Massachusetts Gov. Deval Patrick recently signed House No. 4387, which will make significant changes to the state's foreclosure process. The new law was effective upon signature, but the provisions that make significant changes to the foreclosure process are effective May 1.
These provisions include:
- A statutorily required demand letter giving residential mortgage borrowers 90 days to cure defaults rather than the typical contractual 30-day right to cure. Only late fees and per diem interest may be charged to cure the default during the 90-day period.
- A copy of the 90-day demand letter and an affidavit of compliance must be filed in the land court if the mortgagor is seeking a Servicemembers Civil Relief Act judgment, and with the Massachusetts Division of Banks regardless of whether a land court foreclosure action is initiated;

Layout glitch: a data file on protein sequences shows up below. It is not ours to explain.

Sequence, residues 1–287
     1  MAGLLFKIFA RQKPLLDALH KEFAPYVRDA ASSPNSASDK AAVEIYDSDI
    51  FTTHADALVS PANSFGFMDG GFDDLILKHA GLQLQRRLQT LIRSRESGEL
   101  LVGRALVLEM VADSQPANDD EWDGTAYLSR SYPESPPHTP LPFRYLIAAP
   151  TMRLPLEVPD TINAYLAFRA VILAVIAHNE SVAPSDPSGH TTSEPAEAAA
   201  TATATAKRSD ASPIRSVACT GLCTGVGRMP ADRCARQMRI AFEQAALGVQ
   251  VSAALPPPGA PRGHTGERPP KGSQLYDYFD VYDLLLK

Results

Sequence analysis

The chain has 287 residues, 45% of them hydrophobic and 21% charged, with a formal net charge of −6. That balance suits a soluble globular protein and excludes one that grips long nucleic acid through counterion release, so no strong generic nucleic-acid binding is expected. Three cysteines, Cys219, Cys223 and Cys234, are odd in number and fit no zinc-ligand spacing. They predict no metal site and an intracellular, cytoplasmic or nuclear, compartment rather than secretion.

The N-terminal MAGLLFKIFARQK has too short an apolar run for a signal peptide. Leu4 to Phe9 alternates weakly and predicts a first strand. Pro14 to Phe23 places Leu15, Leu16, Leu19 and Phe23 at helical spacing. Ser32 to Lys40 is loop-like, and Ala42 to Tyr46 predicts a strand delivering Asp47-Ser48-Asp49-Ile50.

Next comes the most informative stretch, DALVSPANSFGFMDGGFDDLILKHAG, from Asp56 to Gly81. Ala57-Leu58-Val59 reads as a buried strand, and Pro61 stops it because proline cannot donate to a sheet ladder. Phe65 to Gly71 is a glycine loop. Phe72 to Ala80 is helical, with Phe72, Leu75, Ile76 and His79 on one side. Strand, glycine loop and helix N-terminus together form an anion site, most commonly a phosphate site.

- The mortgagor must be given a written accounting of how the proceeds from the foreclosure sale were applied;
- If the foreclosure sale takes place, the Division of Banks must be notified in writing of the sale date and the purchase price; and
- Mortgages, assignments of mortgages and the 90-day demand letter must include specific information regarding any mortgage broker and/or mortgage originator involved in the mortgage origination.
Other provisions of the new law affect post-foreclosure evictions, loan origination and loan modification, and provide for stricter controls over lending and mortgage brokering entities by requiring loan officer licensing.
Patricia Antonelli (firstname.lastname@example.org) and Charles Lovell (email@example.com) are attorneys with Partridge Snow & Hahn LLP.